SHANGHAI/BEIJING (Reuters) – China’s central bank is studying the potential impact on banks’ loan pricing as it looks to the use of market-based interest rates to replace traditional benchmark interest rates to steer monetary policy, two sources told Reuters.
The comments come amid growing speculation over whether the People’s Bank of China (PBOC) will cut interest rates soon to support the slowing economy, and which of its many rates it may choose to lower first.
The PBOC has pledged to gradually unify two interest rate “tracks” – its market-based rates that have been developed in recent years and its benchmark bank deposit and lending rates.
The sources said the central bank is assessing the impact on banks’ credit and loan pricing if it replaces the benchmark lending rate with the loan prime rate (LPR) and replaces the benchmark deposit rate with the 7-day interbank pledged repo rate.
The LPR is an interest rate that commercial banks charge their best clients. The one-year LPR currently stands at 4.31 percent, versus benchmark one-year lending rate of 4.35 percent.
The sources did not give a timeframe. The PBOC did not immediately respond to Reuters’ request for comment.
Premier Li Keqiang said at the opening session of parliament last week that China will deepen interest rate reforms and lower real interest rates, without giving details.
PBOC Governor Yi Gang said on Sunday that there is still some room for cutting the amount of cash that commercial banks need to set aside as reserves, although there is less room than a few years ago.
Other sources had told Reuters previously that the PBOC is not ready to cut benchmark rates just yet to spur flagging growth, but is likely to cut market-based rates, alongside further reductions in banks’ reserve requirement ratios (RRR).
A benchmark rate cut would quickly lower companies’ borrowing costs nationwide, regardless of their size, helping policymakers in their goal of directing more support to struggling small, private firms.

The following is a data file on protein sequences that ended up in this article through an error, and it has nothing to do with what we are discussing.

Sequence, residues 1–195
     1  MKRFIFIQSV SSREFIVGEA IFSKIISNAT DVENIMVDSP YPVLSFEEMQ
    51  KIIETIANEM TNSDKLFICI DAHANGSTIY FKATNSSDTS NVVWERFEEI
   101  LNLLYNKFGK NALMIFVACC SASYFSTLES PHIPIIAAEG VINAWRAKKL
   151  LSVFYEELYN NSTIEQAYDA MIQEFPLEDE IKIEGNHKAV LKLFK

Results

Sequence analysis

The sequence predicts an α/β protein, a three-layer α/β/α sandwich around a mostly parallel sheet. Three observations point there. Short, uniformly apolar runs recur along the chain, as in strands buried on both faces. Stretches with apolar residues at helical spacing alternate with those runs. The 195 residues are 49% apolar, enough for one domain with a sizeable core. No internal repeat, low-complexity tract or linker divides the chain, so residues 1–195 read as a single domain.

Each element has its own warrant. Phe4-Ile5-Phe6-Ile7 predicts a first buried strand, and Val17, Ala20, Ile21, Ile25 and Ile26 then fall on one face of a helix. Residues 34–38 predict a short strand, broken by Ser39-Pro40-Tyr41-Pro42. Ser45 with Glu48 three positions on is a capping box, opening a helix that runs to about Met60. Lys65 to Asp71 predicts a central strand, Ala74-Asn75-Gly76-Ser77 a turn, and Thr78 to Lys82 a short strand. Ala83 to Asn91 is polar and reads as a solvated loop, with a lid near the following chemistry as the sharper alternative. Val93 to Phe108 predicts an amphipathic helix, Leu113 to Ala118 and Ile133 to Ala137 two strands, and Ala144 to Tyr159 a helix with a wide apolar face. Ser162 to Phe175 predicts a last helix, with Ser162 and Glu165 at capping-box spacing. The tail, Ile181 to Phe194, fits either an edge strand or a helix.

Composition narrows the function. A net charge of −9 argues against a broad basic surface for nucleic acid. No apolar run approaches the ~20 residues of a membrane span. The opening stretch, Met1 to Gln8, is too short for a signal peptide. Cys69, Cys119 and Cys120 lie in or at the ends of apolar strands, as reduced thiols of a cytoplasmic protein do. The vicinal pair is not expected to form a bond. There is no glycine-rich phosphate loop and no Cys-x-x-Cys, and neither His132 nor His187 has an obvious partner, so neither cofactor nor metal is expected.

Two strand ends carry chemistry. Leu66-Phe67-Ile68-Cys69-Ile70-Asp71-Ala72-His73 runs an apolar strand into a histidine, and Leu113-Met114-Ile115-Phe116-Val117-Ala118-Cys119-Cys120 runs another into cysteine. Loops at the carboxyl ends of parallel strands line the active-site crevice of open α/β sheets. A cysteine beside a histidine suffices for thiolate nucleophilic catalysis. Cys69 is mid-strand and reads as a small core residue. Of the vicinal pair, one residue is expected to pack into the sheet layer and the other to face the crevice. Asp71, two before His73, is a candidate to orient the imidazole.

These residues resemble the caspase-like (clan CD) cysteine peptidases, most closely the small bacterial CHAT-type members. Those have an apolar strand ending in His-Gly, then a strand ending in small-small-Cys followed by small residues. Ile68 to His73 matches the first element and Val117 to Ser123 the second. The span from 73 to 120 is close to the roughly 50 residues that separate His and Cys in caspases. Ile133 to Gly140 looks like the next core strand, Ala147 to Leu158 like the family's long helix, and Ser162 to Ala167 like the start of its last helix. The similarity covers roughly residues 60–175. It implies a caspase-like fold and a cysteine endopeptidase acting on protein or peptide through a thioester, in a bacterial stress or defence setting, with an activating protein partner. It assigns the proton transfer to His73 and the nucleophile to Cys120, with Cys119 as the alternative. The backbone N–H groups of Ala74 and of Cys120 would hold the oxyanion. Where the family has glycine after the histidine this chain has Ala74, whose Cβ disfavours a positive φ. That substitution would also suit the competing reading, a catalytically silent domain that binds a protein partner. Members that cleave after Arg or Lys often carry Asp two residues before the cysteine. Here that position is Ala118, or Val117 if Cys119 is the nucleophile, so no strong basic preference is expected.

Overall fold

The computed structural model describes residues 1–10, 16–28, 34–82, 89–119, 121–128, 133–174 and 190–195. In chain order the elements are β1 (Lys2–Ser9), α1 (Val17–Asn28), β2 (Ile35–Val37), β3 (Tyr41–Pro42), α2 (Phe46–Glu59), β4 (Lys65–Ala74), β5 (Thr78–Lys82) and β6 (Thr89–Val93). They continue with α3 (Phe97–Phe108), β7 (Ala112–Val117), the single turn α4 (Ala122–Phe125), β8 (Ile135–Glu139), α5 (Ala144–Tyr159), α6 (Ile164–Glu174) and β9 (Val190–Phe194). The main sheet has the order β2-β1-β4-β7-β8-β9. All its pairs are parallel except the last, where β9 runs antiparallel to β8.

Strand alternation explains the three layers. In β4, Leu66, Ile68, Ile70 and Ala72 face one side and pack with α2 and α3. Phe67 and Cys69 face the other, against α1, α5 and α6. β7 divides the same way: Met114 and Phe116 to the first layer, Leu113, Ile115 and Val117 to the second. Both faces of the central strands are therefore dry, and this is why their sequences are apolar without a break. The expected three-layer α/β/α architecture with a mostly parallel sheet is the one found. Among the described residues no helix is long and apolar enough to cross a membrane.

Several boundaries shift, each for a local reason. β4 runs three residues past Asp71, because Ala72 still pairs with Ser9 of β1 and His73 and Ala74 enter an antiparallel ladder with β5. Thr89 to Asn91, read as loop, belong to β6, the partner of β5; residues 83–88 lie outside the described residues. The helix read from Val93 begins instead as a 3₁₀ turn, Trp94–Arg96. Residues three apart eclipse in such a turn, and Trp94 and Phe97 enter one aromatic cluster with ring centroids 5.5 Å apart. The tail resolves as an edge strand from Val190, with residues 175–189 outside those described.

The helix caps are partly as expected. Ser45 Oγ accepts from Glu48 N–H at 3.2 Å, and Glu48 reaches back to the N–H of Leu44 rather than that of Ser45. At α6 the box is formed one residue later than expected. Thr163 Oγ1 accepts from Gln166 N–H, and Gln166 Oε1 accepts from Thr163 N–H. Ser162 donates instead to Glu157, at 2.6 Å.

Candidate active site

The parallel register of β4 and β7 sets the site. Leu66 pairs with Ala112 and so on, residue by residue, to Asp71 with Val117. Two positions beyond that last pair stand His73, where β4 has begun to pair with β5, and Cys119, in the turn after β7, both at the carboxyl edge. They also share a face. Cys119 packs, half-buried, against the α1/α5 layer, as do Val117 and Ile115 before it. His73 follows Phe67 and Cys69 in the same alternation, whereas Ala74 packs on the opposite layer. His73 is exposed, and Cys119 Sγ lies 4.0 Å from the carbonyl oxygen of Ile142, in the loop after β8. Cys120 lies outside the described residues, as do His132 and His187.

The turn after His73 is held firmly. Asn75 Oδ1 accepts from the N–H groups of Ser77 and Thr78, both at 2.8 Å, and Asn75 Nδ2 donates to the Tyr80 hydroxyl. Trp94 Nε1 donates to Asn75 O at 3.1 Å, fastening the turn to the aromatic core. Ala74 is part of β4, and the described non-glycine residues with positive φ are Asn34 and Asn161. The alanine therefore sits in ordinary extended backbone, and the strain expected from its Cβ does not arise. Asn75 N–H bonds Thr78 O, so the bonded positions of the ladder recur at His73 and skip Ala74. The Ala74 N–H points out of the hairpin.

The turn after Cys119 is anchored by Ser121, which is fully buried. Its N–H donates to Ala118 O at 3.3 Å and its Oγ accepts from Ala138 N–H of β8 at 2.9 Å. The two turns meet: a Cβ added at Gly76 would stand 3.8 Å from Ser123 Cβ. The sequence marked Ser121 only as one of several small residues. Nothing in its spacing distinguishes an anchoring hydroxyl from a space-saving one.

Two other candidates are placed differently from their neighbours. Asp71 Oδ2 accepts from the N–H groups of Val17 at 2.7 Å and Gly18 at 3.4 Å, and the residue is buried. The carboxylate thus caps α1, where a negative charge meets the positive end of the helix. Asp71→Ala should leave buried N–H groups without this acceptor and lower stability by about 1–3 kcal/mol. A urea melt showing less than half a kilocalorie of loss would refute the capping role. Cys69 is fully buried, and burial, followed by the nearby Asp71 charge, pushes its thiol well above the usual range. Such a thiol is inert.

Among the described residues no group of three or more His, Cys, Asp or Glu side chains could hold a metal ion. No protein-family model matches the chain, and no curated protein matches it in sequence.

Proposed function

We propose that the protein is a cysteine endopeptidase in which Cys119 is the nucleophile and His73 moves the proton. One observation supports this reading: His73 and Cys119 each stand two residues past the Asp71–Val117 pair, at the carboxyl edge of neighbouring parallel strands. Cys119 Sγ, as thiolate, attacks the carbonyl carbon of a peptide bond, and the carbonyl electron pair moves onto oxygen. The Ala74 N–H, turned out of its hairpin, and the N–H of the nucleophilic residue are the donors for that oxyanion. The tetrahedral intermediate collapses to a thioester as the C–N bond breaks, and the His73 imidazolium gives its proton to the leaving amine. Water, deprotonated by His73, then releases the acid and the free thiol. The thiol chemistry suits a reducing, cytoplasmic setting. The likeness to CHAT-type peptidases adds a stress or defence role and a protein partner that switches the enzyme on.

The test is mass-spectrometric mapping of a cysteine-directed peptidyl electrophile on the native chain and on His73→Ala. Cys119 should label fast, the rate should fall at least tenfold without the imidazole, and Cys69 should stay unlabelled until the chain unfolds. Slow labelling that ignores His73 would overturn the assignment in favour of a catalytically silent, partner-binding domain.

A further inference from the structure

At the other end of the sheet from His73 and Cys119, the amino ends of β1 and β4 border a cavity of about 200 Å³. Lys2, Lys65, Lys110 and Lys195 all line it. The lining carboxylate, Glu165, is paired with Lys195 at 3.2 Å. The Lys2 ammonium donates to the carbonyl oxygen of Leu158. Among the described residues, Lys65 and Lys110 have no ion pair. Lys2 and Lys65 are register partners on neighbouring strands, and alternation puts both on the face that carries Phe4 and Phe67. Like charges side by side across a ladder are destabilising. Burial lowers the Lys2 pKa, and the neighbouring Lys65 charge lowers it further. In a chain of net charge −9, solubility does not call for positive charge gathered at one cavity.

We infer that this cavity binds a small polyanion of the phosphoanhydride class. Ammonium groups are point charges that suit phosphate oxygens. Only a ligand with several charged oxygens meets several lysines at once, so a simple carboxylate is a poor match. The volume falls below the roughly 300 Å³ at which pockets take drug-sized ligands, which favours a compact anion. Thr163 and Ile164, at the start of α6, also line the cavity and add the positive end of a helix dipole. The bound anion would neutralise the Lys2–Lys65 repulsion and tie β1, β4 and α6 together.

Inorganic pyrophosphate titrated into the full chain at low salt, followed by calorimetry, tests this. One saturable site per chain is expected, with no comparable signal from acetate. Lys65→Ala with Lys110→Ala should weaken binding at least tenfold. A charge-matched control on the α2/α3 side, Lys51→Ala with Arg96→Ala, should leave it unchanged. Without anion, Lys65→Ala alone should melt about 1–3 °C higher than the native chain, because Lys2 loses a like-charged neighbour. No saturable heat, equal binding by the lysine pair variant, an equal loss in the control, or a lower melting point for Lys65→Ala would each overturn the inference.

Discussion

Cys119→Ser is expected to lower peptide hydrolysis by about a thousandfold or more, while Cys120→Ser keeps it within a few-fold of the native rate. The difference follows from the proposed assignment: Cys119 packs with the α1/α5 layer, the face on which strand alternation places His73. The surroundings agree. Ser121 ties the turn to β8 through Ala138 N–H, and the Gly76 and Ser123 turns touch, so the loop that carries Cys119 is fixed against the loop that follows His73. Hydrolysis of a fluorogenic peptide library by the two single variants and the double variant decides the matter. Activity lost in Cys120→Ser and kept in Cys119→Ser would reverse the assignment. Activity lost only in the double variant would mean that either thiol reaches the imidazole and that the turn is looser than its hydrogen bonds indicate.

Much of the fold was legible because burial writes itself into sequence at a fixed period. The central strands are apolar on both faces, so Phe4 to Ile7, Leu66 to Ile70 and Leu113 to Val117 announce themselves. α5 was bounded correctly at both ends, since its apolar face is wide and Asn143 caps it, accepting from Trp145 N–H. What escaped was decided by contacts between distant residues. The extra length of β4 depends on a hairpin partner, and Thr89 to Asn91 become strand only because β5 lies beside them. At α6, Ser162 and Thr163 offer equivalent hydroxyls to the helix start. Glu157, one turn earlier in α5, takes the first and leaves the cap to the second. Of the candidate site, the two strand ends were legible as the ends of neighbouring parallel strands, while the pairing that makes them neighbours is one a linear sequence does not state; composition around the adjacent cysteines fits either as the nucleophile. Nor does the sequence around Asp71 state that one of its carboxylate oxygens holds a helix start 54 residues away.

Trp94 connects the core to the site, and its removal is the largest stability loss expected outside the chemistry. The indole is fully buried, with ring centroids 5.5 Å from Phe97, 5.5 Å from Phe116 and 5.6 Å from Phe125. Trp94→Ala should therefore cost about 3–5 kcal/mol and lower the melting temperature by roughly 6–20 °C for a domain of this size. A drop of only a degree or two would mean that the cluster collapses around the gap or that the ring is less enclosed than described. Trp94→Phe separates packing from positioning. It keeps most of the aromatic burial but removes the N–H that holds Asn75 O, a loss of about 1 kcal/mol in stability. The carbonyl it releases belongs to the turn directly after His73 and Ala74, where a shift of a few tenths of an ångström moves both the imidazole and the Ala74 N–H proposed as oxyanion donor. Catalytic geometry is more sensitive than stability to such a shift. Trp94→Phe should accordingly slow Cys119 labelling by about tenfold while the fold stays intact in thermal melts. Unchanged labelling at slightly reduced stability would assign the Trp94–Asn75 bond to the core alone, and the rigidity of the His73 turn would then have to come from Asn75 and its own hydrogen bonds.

But some China watchers say such an aggressive move could also been seen as a setback in long-promised reforms to allow market forces to determine the cost of capital in China, which is key to producing more sustainable and higher quality growth and reducing inefficient investment.
An across-the-board cut in borrowing costs could also risk another flareup in debt and speculative activity like that which followed huge stimulus programmes in the past.
The PBOC has not cut benchmark rates since the last downturn in 2015.
But it has cut reserve requirements five times in the past year to spur lending to smaller businesses, with more expected in coming quarters, and it has been guiding money market rates lower to reduce financing costs.
The RRR for all banks at big banks is now at 13.5 percent and the ratio for small- to medium-size banks is at 11.5 percent. Yi said the weighted average RRR for all banks is at 11 percent.
Beijing is also putting more emphasis on fiscal stimulus to counter the current downturn. It has been fast-tracking infrastructure spending and Li last week announced plans for massive tax cuts.
China’s economic growth slowed to a 28-year-low of 6.6 percent in 2018 and is widely expected to cool further in coming months before a raft of support measures start to stabilise activity around mid-year.
(Reporting by Li Zheng and Kevin Yao; Editing by Kim Coghill)